Investing in People, Processes, and Technology

During the reorganization, the fleet strategy to invest in people, processes, and technology (PPT) allowed an opportunity to right-size the fleet while providing enough fleet capacity for growth.

"The processes that worked when we were a fraction of the size we are today weren't working any more and strategic change was necessary," Nieto said. "Appointing Satish to run the organization, even though he was from a nonfleet background, brought in a fresh, operational perspective."

Natarajan had prior experience in operations management and brought leadership and management skills to develop and execute a PPT strategy to help transform the fleet organization. He holds a master's degree in industrial engineering with a background in operations and management consulting. He was involved in process improvement within Aramark before moving to fleet more than two years ago.


"We wanted to move from a maintenance mindset to a PPT focus," Nieto said. "We brought Satish into the role by design. We took a fresh approach to fleet, looking to move to a process- and systems-focused organization versus just focusing on specs and maintenance. On the people side, we were looking to hire for skill and train for knowledge instead of following the traditional experience model."

"Our goal was to simplify, standardize, and automate," Natarajan said. "I broke it down, determined how to streamline, and began to roll out the best processes and take advantage of the best technology. It was vital that we put systems in place to standardize operations."

The restructuring's main goals were to develop the best way of operating, train the entire organization, and automate the new process. The realignment included hiring new talent; upgrading skill sets through training and knowledge-sharing; streamlining operations by measuring and managing; and benchmarking to industry best practices. Right-sizing vehicles and implementing a fleet management system, diagnostic and compliance tools, and a telematics pilot were also key areas of change.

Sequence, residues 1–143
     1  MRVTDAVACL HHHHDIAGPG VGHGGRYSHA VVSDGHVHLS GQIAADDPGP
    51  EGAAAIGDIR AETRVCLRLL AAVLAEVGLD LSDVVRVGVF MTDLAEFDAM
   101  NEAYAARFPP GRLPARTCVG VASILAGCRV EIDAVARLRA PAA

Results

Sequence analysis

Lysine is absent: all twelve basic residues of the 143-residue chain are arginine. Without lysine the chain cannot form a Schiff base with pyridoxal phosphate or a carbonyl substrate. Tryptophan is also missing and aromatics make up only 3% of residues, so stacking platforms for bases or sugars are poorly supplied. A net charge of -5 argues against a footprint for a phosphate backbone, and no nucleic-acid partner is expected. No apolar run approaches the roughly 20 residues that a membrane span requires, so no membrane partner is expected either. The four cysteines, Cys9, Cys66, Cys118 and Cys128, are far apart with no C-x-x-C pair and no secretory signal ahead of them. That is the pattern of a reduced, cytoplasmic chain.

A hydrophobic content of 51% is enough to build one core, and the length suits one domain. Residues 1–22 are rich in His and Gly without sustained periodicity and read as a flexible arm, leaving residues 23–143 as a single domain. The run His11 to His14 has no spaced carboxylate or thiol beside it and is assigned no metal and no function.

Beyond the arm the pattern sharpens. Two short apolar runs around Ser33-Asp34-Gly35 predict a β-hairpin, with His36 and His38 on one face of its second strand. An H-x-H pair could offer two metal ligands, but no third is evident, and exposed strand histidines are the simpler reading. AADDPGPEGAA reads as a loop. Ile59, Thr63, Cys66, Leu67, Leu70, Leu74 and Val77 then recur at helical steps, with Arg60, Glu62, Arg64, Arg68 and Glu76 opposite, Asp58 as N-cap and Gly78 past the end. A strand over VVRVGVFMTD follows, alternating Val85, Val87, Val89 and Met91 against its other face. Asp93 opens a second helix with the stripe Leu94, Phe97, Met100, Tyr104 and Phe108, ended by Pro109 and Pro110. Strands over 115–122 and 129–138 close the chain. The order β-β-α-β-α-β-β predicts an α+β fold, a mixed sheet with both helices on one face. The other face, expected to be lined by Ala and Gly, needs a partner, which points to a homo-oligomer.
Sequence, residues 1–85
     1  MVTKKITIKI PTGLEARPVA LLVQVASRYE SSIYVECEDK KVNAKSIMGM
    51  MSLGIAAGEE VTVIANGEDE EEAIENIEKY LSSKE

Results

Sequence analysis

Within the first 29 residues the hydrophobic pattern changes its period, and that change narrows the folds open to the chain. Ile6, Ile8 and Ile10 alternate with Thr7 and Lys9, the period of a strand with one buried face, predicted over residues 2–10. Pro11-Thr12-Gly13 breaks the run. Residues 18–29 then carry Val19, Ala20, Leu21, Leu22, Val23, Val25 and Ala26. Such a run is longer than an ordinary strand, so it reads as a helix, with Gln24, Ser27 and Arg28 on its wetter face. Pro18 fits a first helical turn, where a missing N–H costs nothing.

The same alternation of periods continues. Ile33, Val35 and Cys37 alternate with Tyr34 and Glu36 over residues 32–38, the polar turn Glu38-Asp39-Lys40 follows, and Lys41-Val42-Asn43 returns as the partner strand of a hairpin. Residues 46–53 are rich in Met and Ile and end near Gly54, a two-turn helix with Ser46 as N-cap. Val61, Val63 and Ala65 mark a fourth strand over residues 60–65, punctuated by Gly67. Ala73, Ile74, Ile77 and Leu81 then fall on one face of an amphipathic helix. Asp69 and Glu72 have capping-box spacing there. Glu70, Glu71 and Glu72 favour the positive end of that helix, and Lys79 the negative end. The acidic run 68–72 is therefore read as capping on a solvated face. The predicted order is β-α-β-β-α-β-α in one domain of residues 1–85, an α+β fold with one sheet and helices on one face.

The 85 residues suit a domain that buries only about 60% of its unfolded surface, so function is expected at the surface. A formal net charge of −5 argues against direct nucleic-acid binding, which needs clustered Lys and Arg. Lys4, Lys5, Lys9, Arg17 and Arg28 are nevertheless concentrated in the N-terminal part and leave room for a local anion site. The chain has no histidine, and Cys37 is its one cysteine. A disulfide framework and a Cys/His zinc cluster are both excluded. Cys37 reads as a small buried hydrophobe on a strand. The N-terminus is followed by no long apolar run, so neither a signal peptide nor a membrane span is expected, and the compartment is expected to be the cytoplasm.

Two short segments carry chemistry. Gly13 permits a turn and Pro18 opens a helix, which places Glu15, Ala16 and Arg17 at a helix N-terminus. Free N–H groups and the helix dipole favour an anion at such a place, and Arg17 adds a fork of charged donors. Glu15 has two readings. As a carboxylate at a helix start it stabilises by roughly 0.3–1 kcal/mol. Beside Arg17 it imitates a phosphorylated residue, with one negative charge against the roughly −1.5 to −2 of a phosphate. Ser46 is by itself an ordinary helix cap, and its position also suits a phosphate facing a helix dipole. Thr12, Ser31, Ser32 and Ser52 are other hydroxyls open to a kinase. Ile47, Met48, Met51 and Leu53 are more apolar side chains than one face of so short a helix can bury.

"We look for the best people, and we want to execute efficient processes and invest in our facilities," Nieto said. "Our decentralized structure requires standardized processes that enable our field organization to focus on getting things done and not on how to do them."

Natarajan's fleet team is balanced with subject matter experts with more than 30 years of experience and project managers.

"Senior management understands that we are hiring for skill and adding knowledge afterward through training and partnering," Natarajan said.

During the realignment, the fleet team crafted a competency model to develop the fleet department's "bench strength." Goals included:

  • Defining skill set requirements for positions from entry-level technicians to skilled head technicians.
  • Categorizing fleet personnel into job levels based on interviews and skills assessment.
  • Developing a training program to help the workforce advance through OEM, upfitter, parts, and vendor training programs.

"We also established quarterly in-house training programs and ongoing computer-based training (CBT) for all fleet personnel," according to Natarajan.